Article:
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Synthetic embryos, artificial placentas, genome editing... Advances in biology and medicine keep bringing up thorny ethical questions. Here's an overview of Spain’s many bioethics committees, which can be useful resources for journalists. 


Berna Sozen's lab at Yale University has announced a new milestone in the competition to create synthetic embryos: their human pluripotent stem cells self-organise into structures that mimic embryonic development on days 9-14 after fertilisation and include extra-embryonic tissues. Their achievement is published in Nature at the same time as another similar study, that of Magdalena Zernicka-Goetz, who a fortnight ago previewed her stem cell-derived human embryo model to The Guardian, sparking a controversy with Jacob Hanna, author of a preprint showing that she had achieved true synthetic embryos. 


The Guardian newspaper reported on Wednesday that Magdalena Zernicka-Goetz's team had announced the generation of synthetic human embryos from stem cells at the annual meeting of the International Society for Stem Cell Research in Boston. The author later denied on Twitter that they were synthetic human embryos and spoke only of models, warning that it was pending publication in a scientific journal. The day after the publication in The Guardian, and as reported in El País, Jacob Hanna and his team published a preprint - a publication that has not been peer-reviewed - in bioRxiv on models of human embryos generated from stem cells without genetic editing. A few hours later, Zernicka-Goetz's team posted their preprint on bioRxiv.


The latest episode of competition between research groups working on the same topic, a very common situation in science, should not distract us from the actual achievement: synthetic human embryos, in the laboratory, made from stem cells, up to a post-implantation stage. Now, we must decide what status or condition we will grant to these synthetic embryos. Once again, science is leaping forward and testing the limits of the laws, posing new ethical challenges for us to solve.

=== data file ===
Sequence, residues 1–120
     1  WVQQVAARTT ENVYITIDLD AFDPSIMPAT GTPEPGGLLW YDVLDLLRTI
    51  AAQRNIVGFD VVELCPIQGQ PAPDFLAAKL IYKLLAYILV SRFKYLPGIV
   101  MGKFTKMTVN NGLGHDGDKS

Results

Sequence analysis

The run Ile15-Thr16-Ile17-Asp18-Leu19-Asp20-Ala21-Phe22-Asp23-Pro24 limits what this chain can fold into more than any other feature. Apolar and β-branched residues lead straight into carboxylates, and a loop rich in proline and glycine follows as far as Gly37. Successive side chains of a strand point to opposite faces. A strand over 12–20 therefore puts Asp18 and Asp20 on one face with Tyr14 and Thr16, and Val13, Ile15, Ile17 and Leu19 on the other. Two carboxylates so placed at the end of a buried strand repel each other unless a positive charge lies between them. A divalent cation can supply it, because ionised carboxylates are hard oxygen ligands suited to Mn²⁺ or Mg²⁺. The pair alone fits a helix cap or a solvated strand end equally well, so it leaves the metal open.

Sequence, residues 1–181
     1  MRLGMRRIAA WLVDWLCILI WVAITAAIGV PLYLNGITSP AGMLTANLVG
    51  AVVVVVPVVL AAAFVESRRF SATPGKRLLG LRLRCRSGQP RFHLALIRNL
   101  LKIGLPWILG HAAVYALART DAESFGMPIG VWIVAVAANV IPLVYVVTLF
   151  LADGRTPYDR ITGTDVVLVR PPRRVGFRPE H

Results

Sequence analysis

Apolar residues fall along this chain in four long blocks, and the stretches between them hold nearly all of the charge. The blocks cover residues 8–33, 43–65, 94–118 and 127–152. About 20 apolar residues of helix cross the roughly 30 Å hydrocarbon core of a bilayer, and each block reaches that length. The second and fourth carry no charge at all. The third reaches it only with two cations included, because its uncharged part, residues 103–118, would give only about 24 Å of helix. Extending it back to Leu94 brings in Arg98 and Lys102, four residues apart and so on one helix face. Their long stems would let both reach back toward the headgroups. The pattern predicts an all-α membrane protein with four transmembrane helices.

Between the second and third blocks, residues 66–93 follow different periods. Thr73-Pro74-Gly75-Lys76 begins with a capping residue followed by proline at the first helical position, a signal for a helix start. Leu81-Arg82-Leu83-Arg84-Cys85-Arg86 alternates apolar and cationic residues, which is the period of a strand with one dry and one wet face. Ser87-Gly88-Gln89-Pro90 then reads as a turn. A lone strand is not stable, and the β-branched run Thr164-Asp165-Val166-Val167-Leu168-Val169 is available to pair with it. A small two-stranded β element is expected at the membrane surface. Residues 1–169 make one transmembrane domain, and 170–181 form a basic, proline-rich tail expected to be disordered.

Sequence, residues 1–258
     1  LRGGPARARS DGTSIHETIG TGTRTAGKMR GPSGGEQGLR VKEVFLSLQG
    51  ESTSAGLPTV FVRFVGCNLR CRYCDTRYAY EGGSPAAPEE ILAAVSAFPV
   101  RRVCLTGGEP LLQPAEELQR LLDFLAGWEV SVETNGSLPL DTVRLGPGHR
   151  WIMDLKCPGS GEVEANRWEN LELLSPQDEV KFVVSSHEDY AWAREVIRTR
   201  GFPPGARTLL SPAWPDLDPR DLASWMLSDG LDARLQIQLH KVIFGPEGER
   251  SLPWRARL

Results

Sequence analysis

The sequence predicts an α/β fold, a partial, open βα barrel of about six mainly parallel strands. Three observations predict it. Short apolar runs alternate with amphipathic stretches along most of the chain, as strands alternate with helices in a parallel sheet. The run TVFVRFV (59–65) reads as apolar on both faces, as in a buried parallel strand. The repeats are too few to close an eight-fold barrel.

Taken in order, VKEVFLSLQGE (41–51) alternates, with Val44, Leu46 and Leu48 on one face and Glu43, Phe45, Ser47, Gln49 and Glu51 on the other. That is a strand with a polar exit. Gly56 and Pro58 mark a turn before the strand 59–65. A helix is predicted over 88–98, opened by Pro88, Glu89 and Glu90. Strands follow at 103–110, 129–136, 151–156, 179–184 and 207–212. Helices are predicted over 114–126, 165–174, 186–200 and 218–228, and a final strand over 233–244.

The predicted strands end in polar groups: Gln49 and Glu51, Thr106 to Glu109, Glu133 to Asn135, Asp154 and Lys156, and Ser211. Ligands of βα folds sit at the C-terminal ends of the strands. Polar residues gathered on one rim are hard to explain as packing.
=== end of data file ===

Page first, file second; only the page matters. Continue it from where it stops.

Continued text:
A scientific team has generated synthetic human embryos using stem cells, reports the British newspaper The Guardian. The authors, who announced the breakthrough at the annual meeting of the International Society for Stem Cell Research in Boston (USA), say the model embryos, similar to those found in the early stages of human development, could be crucial for research into genetic disorders and the causes of miscarriages, according to the newspaper. However, the work also raises ethical and legal issues.


Research published in Nature shows the creation of synthetic mouse embryos derived from stem cells. The embryo model copies the stages of natural rodent embryo development that take place up to day 8.5 after fertilisation and includes regions of the brain, a neural tube and a structure similar to a beating heart.